It’s been a while since I have posted a cocktail here, which has primarily to do with the fact that I’ve now been sick twice in three weeks. Unusual, I know, especially for someone who generally doesn’t get sick more than once a year, but sadly true. This cold has kept me in or near bed for most of January—a fact which neither pleases nor excites me. I’m feeling much better today, though, and as such I’ve followed my doctor’s standing orders and am taking a dram to cure what ails me.
Amusingly, this is the cocktail Ted was drinking the last time we were able to visit a bar together when he was the one being assailed by a cold. As such, the aptly named Prescription Julep is an accepted cure-all for these pesky viruses, the word “julep” being very old and, for a good portion of its history, associated with medicinal potions for ensuring health and vitality. The ingredients and applications have varied over the centuries, but julep has been interpreted in Middle English, Persian and many other languages as a flavored syrup, which is obviously still true to a large extent. Referenced in many sources, including Milton and Pepys, juleps medicinal, alcoholic or non, are an old favorite of the Old South—though we can’t be exactly sure when mint came in to the equation—and an American icon.
This julep, made with brandy and rye whiskey, was published (humorously) in Harper’s Monthly during the nineteeth century and republished by Dave Wondrich in Imbibe!. Spicy, sweet, complex and delicious, it really does help you cope with a sickness… mostly by inducing naps. Look no further for the ultimate julep for a cold night by the fire—or even a summer day by the pool.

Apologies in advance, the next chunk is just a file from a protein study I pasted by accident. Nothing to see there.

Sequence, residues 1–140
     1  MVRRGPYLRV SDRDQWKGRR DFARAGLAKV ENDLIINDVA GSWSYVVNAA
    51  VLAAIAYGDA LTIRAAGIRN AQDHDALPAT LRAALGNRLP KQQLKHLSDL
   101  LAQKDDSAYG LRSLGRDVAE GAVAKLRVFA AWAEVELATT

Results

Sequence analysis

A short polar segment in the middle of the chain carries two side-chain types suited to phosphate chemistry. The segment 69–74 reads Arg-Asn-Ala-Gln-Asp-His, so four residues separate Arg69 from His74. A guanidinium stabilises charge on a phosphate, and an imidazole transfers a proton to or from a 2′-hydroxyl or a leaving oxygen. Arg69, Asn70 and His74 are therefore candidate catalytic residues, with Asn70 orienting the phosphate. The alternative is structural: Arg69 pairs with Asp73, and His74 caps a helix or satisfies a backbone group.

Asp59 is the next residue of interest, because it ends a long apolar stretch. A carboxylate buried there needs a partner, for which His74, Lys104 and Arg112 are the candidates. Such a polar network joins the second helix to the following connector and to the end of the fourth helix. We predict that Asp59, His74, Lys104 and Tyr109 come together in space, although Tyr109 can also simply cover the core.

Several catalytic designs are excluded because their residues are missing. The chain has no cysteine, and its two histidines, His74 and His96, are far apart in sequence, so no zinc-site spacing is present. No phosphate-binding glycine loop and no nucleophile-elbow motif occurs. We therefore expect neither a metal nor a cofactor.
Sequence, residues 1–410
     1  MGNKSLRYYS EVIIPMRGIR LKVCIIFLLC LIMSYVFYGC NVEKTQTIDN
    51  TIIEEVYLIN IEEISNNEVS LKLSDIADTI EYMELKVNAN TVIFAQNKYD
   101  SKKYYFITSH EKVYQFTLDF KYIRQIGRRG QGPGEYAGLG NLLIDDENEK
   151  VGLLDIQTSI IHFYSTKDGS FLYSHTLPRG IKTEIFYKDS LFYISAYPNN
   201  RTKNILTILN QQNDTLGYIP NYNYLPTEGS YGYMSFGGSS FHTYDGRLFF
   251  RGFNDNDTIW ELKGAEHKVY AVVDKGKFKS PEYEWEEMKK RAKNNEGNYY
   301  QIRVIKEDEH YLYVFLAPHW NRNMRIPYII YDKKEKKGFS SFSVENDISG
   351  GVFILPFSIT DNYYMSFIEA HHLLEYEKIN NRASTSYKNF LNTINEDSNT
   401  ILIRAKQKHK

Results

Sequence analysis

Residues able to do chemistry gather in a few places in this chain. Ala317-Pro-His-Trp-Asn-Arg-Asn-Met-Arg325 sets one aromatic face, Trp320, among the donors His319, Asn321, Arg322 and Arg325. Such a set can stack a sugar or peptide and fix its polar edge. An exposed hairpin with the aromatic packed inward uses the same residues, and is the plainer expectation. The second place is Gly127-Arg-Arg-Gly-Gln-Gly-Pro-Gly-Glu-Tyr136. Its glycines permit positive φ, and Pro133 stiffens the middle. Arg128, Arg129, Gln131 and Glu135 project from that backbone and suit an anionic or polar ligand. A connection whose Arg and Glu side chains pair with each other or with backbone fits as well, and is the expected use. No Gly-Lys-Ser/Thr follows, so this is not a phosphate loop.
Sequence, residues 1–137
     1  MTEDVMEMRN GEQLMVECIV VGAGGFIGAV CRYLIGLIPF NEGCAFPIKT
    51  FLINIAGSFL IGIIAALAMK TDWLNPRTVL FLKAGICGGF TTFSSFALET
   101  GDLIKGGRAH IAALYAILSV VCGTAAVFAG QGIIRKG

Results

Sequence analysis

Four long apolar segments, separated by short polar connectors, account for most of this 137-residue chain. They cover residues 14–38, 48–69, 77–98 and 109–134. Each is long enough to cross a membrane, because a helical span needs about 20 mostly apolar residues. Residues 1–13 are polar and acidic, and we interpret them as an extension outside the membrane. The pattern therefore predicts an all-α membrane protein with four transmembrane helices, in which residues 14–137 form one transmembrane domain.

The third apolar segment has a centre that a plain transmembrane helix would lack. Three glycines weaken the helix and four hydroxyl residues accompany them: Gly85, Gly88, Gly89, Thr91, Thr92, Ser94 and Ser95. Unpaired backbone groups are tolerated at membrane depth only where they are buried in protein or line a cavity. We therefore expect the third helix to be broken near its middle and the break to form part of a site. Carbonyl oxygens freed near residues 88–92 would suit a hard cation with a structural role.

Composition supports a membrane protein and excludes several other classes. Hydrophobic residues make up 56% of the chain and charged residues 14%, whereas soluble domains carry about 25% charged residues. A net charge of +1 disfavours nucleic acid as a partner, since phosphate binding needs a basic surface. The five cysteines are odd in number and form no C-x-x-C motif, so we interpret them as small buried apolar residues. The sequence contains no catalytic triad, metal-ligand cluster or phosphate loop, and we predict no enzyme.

1½ oz cognac
½ oz rye whiskey
½ oz bar sugar and 1 oz warm water OR ½ oz simple syrup (to taste)
8-12 leaves fresh spearmint
In a glass or julep cup, mix the sugar and water or add the simple syrup. Gently muddle the mint leaves with the sugar syrup—do not break them up or mash them into bits. You just want to bruise them. Add the whiskey and cognac and stir to combine. Fill the glass with crushed ice and stir again, until the glass begins to frost. Top off the glass with crushed ice to fill, garnish with fresh mint and serve with a straw.
Though identical to the usual bourbon mint julep in execution, the flavor here is quite different. The cognac provides an earthy base compared to the sweet, vanilla-caramel flavor that is characteristic of bourbon. Rye whiskey has a spicy flavor profile which coaxes more complexity out of the cognac and mint, providing a lovely, fragrant herbal flavor along with the charming notes of mint and sweetness. If you’re feeling a bit devil-may-care, feel free to follow Paul Clarke’s lead and add a sprinkle of Jamaican rum on top before serving. It’s a well-accepted julep touch that will gild the lily in this fabulous old cocktail.